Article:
Fail Forward! Have you ever heard those words?
Those words make me cringe. When I hear them, I always imagine myself tripping up the stairs in front of important people at a Black Tie affair, breaking my shoes, ripping my dress, tripping the host—that kind of thing. Going forward, yes. Even going up. But it is not pretty.
Who wants that kind of embarrassment? It would take days to get past the humiliation of the fall before you even began dealing with the I’m-a-loser mentality that inevitably comes along with the failure. And have you noticed that the I’m-a-loser mentality is a mental magnet. The moment you ponder one failure, the rest come rushing at you! It can go something like this:
I forgot the grocery list, so I came home without buying toilet paper.
I also forgot to buy Valentines for my kids’ classrooms.
I didn’t work out.
a donut five donuts.
I forgot to pay that credit card bill from Christmas for presents everyone has already forgotten.
I haven’t taken down Christmas and it’s Valentine’s Day.
I burned dinner.
My hungry, Valentine-less children hate me.
I am Valentine-less, too.
I ate six donuts.
I’m going to die alone. And fat.
I am going to die and I haven’t yet made my will.
And I haven’t saved for retirement.
So there is nothing to will to anyone anyway.
I have to pee and there’s no toilet paper.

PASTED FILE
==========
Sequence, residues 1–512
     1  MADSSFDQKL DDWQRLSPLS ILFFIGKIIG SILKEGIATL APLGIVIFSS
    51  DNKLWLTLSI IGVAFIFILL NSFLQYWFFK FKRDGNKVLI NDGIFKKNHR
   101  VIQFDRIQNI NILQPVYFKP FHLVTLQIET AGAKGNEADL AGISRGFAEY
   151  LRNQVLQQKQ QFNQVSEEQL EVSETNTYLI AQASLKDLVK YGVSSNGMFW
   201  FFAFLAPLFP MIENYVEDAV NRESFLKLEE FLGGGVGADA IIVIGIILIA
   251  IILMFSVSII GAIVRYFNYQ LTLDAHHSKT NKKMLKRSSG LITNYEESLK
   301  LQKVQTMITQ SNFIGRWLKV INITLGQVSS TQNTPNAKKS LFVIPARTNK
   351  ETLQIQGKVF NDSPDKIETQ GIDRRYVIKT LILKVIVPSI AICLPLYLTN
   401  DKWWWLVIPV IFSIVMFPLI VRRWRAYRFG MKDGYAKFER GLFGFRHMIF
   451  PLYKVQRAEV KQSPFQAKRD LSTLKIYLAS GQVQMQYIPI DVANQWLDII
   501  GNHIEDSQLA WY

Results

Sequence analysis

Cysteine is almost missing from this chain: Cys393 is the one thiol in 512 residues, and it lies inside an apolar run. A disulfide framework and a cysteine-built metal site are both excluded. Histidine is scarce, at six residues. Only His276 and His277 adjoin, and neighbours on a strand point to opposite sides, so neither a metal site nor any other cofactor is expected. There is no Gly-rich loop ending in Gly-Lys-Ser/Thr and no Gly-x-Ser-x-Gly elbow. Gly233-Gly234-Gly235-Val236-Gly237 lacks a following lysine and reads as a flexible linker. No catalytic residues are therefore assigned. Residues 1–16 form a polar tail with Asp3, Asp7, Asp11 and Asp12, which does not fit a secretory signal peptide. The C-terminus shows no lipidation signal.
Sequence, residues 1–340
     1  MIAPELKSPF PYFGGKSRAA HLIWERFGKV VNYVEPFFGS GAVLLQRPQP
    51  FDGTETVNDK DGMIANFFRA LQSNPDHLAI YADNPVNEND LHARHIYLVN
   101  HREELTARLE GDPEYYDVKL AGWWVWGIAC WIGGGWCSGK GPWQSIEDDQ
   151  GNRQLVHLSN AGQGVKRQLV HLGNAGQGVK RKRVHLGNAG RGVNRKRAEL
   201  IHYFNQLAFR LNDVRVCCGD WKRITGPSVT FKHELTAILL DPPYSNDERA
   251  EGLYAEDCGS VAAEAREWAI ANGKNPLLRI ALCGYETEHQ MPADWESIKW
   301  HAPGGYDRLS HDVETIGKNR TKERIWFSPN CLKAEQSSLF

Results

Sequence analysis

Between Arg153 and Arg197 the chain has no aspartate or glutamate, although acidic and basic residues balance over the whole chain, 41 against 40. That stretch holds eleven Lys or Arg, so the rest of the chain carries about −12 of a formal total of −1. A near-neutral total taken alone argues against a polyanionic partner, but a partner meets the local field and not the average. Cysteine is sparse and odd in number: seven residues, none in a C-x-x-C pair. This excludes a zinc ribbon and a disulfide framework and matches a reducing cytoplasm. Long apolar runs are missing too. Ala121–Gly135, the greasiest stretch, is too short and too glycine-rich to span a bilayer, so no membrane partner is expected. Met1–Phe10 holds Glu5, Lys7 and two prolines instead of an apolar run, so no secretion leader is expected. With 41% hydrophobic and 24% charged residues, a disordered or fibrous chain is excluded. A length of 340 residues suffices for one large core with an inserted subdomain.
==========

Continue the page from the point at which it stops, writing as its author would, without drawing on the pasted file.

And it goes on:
I have failed at life.
See what I mean?
A wise man (AKA, my father, the wisest man I know) sees failure differently. He says that failure is the common thread to learning and knowledge. Failure to recognize failure is the common thread of fools. Failure is the first step to beginning again. The opportunity to begin again is one of God’s gifts. He says he knows this because of the number of opportunities available. A new year, a new month, a new week, a new day, a new hour, a new minute.
If failing, the opportunity to begin again, is one of God’s gifts, who am I to want or expect something different? Even if the opportunity comes with embarrassment and humiliation? If you think about it, who wouldn’t want the opportunity to begin again? I mean, if you got it right the first time, beginning again allows you to repeat the joy of a successful experience. If you got it wrong, of course you want a do-over!
So what if your kids assuage their hunger with half a dozen donuts and you spend the last of their tiny inheritance on delivery pizza. So what if they were the only kids that year with homemade Valentines. And so what if you discover that too much aloe-infused Kleenex can clog a toilet? The next day is a do-over. The next week. The next month. The next year.
God is good. Life is good. And so, it seems, is failure.